LANGELLE PHOTOGRAPHY

Using the power of photojournalism to expose social, economic and ecological injustice

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¡Buen Vivir! Gallery for Contemporary Art                                                Postpones April First Friday Event in Buffalo

Chile: Peoples’ Uprising Exhibit Opening to be Rescheduled   

Buffalo, NY: Due to the current public health emergency the ¡Buen Vivir! Gallery for Contemporary Art postponed today’s First Friday event. The opening reception for our new exhibit, Chile: Peoples’ Uprising, will be rescheduled for a later date. We will be sure to inform you of the new date for the exhibit opening when we make that determination.

Contact: Orin Langelle +1.716.536.5669
148 Elmwood Avenue
Buffalo, NY 14201

 

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I’m a co-founder of Global Justice Ecology Project and I work with them on strategic communications. Executive Director of GJEP, Anne Petermann, wrote the following message with the staffs input. We intend to be as active as possible in this uncertain time – Orin Langelle
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Global Justice Ecology Project: About COVID-19 – Resources and Information

Dear friends and supporters Global Justice Ecology Project,

We, like you, are doing all we can to keep our families and loved ones safe and healthy.

At the same time, we continue to pursue our mission, which includes understanding the root causes of this crisis and its connection to social and ecological injustice. For the best way to prevent the next pandemic is to understand the roots of this one and ensure we do not make the same mistakes in the future.

Below is a new article that links emerging pandemics like COVID-19 to the destruction of the world’s wildest places. It turns out protecting forests isn’t just about protecting biodiversity, it is also about avoiding another pandemic.

In a March 18th article in The Guardian, John Vidal wrote:

“Increasingly [these] diseases are linked to … disruption of pristine forests driven by logging, mining, road building through remote places, rapid urbanisation and population growth [which] is …resulting [in] transmission of disease from wildlife to humans.

“…change must come from both rich and poor societies. Demand for wood, minerals and resources from the global north leads to the degraded landscapes and ecological disruption that drives disease … Otherwise we can expect more of the same.” from ‘Tip of the iceberg’: is our destruction of nature responsible for COVID-19?

Meanwhile, social injustice and ecological destruction are not stopping for COVID-19. If anything, corporations are looking to the virus to distract people from their ongoing plunder–as well as the government’s support for same, such as the Trump administration’s recent bailout of the oil and gas industry.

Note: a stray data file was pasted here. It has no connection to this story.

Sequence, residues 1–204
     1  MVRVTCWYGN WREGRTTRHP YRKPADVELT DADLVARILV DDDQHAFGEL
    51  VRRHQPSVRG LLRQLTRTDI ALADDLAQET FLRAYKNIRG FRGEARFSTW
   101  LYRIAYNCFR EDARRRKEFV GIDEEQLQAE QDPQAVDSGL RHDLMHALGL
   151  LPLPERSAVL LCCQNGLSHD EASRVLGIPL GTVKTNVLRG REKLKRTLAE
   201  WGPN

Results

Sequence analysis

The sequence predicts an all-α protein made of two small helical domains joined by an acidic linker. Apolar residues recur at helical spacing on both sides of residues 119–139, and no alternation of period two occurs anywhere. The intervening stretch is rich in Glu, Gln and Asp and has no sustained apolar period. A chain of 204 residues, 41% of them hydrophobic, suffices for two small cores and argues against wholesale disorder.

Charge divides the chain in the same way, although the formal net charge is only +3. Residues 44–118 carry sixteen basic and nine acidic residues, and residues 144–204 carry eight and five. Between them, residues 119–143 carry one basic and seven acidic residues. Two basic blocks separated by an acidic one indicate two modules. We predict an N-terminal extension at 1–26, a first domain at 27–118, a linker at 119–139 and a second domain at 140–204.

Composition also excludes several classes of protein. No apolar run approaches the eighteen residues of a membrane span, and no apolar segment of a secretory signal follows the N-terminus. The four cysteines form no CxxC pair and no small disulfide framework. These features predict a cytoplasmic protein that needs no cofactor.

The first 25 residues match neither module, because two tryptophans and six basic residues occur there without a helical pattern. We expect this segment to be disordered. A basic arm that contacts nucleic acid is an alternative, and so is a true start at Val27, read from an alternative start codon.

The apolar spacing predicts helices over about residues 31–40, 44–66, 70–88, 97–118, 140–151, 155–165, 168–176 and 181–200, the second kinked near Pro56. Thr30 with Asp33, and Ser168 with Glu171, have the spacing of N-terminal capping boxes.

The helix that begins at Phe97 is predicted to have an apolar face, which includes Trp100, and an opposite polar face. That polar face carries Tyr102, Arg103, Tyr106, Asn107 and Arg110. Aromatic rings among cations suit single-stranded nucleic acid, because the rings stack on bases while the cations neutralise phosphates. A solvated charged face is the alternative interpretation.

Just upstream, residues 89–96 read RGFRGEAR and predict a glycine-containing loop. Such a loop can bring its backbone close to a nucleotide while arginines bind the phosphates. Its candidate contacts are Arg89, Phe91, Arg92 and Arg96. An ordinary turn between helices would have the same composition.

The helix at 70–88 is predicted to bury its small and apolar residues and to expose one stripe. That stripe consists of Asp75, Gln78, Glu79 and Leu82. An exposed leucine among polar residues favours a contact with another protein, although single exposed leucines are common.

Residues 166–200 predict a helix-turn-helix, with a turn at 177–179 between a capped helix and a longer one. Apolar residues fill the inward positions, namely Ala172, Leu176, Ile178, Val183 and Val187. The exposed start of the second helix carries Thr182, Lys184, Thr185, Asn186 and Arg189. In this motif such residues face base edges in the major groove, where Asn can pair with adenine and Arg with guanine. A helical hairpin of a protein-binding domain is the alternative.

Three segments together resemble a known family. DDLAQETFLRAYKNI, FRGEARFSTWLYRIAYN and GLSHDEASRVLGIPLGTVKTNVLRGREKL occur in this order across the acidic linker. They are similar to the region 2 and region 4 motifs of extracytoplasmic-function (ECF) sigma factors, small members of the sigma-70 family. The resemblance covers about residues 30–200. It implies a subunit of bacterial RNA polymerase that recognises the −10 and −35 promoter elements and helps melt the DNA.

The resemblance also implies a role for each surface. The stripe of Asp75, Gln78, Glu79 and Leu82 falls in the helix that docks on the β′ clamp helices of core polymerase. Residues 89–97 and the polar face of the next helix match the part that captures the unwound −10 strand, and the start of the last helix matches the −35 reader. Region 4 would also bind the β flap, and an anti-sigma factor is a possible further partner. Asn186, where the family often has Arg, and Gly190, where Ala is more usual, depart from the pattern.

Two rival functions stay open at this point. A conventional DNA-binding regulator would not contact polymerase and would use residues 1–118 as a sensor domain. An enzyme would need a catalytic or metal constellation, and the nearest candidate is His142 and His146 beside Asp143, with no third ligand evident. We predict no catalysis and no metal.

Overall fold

We at GJEP are joining others in tracking how corporations and governments are using the COVID-19 virus to crack down on basic personal freedoms–just as they did after 9/11. Never before have so many borders been shut down, travel restricted, millions locked down or quarantined, and businesses shuttered as fear of the unknown mounts.

The data they are collecting on the crisis and its response could forseeably be used as a guidepost on the treatment of civil unrest caused by a future pandemic, climate catastrophe or other emergency that threatens government or corporate power.

Resources for COVID-19 community support and mutual aid, as well as a call to remember ongoing struggles:

As the coronavirus spreads across North America, communities are coming together to support those most vulnerable. Low-income workers, communities of color, people with disabilities, the house-less, and those who are incarcerated, are among those who will be disproportionately affected by COVID-19 and efforts to contain it.

Toolkit: “Preparing for coronavirus crisis: As organizers, it’s time to do what we do best”

List of COVID-19 Mutual Aid groups from It’s Going Down

Here are a few things you can do this week:

1. Act in Solidarity with the Wet’suwet’en:

The Wet’suwet’en hereditary chiefs are continuing their fight to stop the Coastal GasLink Pipeline through their ancestral lands. Our solidarity cannot stop. This is when the companies will try to take everything.

What you can do: A company called KKR is in the process of buying 65% of Coastal GasLink. If we can stop the sale, we can help stop the pipeline from being built. Take 5 minutes to tweet, email or call KKR and tell them to divest from the Coastal GasLink Pipeline. Don’t forget to sign the #ShutDownKKR petition. It has 125,000 signatures and growing!

2. Take action for a just response to the coronavirus:

·       When Every Community is Ground Zero: Pulling Each Other Through a Pandemic (Mutual Aid Disaster Relief)

·       Demands from Grassroots Organizers Concerning COVID-19 (Transformative Spaces)